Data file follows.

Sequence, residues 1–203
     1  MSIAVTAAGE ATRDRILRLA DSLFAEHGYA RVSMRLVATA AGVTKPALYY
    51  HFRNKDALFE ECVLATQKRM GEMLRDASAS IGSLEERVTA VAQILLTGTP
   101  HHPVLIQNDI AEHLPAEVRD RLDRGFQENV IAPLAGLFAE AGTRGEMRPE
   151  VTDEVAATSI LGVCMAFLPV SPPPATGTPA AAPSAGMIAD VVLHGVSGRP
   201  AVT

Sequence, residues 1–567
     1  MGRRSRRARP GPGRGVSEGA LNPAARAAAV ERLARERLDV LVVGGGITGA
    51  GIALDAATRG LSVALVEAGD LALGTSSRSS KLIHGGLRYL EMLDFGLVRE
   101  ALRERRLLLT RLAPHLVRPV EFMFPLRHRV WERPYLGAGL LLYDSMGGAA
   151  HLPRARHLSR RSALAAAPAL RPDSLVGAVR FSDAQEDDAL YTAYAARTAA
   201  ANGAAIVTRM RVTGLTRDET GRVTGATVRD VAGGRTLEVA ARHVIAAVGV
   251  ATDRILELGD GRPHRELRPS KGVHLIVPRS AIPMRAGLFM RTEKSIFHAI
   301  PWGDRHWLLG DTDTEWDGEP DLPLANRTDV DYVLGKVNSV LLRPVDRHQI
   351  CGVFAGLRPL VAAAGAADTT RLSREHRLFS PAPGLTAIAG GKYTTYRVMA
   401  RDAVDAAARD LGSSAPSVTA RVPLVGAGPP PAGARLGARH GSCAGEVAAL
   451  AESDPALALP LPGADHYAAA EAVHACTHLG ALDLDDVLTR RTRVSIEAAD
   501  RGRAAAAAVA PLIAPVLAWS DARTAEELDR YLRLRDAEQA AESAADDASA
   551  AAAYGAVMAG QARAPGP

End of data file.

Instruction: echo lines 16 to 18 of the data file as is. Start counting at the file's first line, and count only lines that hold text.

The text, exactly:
   401  RDAVDAAARD LGSSAPSVTA RVPLVGAGPP PAGARLGARH GSCAGEVAAL
   451  AESDPALALP LPGADHYAAA EAVHACTHLG ALDLDDVLTR RTRVSIEAAD
   501  RGRAAAAAVA PLIAPVLAWS DARTAEELDR YLRLRDAEQA AESAADDASA